Published in the January 23 – February 5, 2019 issue of Gilroy Life

Life is a funny money riddle. Many Gilroy residents try to solve this riddle to ensure they don’t outlive their retirement savings.

Government and state employees including teachers, firemen, police officers, and other public service employees have had this riddle solved for them. For these individuals, the “riddle” solution has been defined throughout their career by employer-controlled retirement plans, called pensions. Each pay period, employees contribute to pensions through payroll deductions for guaranteed retirement amounts. As more teachers and public servants’ inch toward retirement, many are finding pensions have not been properly funded and there are concerns money promised may not come. This is hardly a “funny money riddle.”

Many public servants chose their profession based on the pension promise to eliminate financial burdens later in life. Higher wages were sacrificed for the promise of guaranteed income creating a worry-free retirement that is appealing to many.

Over the years, pensions have provided trillions of dollars to Americans who’ve paid dues in government and public service. Now, many states are discovering certain issues with pensions have been ignored and some deficits leave pensions unsustainable in the long term. This means one of two things for retirees.

  1. Employees will not receive the money they have been promised and may have to return to the work force as a result.

2.The federal government will bail out pension funds.

Neither option seems favorable to taxpayers as we seem destined for tax increases at both state and federal levels.

To better understand the mechanics of pensions, one must understand that people making the decisions in many cases are not experts at investment management. Trustees and board members of pension funds are encouraged to get additional training, when appointed, to better understand options but ultimately, they rely on information they have been provided. Wall Street knows this and has exploited pension fund investing over the years often joking about these funds being “dumb money” because recommendations were almost always accepted.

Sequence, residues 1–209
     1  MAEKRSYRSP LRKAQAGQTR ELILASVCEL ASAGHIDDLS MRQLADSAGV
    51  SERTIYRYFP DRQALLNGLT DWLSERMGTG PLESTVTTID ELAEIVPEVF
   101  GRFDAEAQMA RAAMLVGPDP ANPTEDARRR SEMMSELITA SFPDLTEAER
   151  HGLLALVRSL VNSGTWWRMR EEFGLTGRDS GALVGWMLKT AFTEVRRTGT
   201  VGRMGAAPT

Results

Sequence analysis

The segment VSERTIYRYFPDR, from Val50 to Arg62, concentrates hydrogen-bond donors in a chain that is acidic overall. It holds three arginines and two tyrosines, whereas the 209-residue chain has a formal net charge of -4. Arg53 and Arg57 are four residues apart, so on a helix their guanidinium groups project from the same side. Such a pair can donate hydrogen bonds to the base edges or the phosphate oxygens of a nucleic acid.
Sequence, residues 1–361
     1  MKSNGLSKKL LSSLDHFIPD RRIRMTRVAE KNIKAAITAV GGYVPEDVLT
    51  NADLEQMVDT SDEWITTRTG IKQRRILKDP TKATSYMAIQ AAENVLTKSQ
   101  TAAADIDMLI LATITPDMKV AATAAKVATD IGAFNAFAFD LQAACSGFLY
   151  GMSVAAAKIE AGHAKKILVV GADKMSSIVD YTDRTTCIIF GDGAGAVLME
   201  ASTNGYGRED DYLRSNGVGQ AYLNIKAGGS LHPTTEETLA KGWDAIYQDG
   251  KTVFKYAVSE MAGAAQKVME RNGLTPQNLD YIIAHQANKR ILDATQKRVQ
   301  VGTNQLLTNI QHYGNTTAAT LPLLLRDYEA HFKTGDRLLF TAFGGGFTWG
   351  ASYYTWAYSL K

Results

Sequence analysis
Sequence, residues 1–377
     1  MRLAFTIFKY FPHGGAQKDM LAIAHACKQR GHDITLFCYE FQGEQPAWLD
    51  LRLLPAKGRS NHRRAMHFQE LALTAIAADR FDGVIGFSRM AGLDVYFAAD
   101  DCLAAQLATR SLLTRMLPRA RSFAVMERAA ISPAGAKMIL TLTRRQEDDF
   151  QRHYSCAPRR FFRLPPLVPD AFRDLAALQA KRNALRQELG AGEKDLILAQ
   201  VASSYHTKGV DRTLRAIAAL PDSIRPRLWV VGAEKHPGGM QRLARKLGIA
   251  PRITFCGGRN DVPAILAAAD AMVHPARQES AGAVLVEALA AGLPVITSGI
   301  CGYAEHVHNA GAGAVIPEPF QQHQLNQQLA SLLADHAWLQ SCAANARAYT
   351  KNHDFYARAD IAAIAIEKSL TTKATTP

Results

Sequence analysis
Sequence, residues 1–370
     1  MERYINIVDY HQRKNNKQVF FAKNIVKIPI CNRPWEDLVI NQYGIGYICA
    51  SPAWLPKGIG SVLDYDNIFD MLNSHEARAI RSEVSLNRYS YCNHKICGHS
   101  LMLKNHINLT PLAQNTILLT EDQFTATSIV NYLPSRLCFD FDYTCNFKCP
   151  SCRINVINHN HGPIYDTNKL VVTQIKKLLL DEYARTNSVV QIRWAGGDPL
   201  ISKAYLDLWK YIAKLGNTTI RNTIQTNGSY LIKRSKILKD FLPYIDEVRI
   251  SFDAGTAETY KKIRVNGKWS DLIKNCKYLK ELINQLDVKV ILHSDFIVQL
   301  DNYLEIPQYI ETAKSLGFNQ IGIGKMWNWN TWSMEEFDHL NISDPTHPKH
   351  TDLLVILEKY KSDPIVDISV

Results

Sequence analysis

High quality bonds and common stock make up most pensions. Bonds are typically viewed as a safe investment and provide some guarantees to the majority share of fund monies invested. The smaller common stock component of pensions is held to capture growth potential of the market but has more risk than bond investments. As Americans live longer, cost of living increases, and we experience corrections in the market (like in 2000 and 2008), pension funds are finding themselves unable to properly fund their obligations. Over time public officials and politicians have “raided” pension funds to cover other areas of need like road maintenance instead of raising taxes. While raising taxes is an appropriate solution, it isn’t the best solution for those trying to win a popularity vote and take public office. Kentucky is the most extreme example, but they are not the only state facing these issues. Many experts say California is next on the list and nearly half of this country’s states are experiencing a pension shortfall.

To correct deficits and not raise taxes dramatically, pensions managers have taken on riskier investments, such as hedge funds, in hopes of gambling their way out of the deficit. This strategy has made matters worse. Public pensions across the U.S. total roughly $3 trillion in assets. Part of this money is paid out to retirees while the majority is invested to meet future obligations. Hidden fees in plans and commissions paid to “placement agents” who secure pension fund money to invest has also contributed to the problem. Many pensions have been deemed unsustainable and those taking corrective action after years of neglect by their predecessors are feeling the pressure.

To address a failing pension system that is unsustainable, pensions are offered less often. Retirement plan risk has been shifted back to employees with the implementation of 401ks and other contribution plans not guaranteed. This will ultimately affect the quality and number of people who consider these careers.

To address these concerns, Gov. Gavin Newsom has a plan to improve the deficit, but this plan may not be enough. Do not wait to address these concerns. Planning now with tax advantaged vehicles can help ensure you and your loved ones have a comfortable future.

Brian Harrigan and Bob Price are the owners of Executive Plan Design. Contact them to learn more about safe options to solve the money “riddle” called retirement. For more information on strategies to maximize your planning and a free consultation, contact them at (408) 767-2572.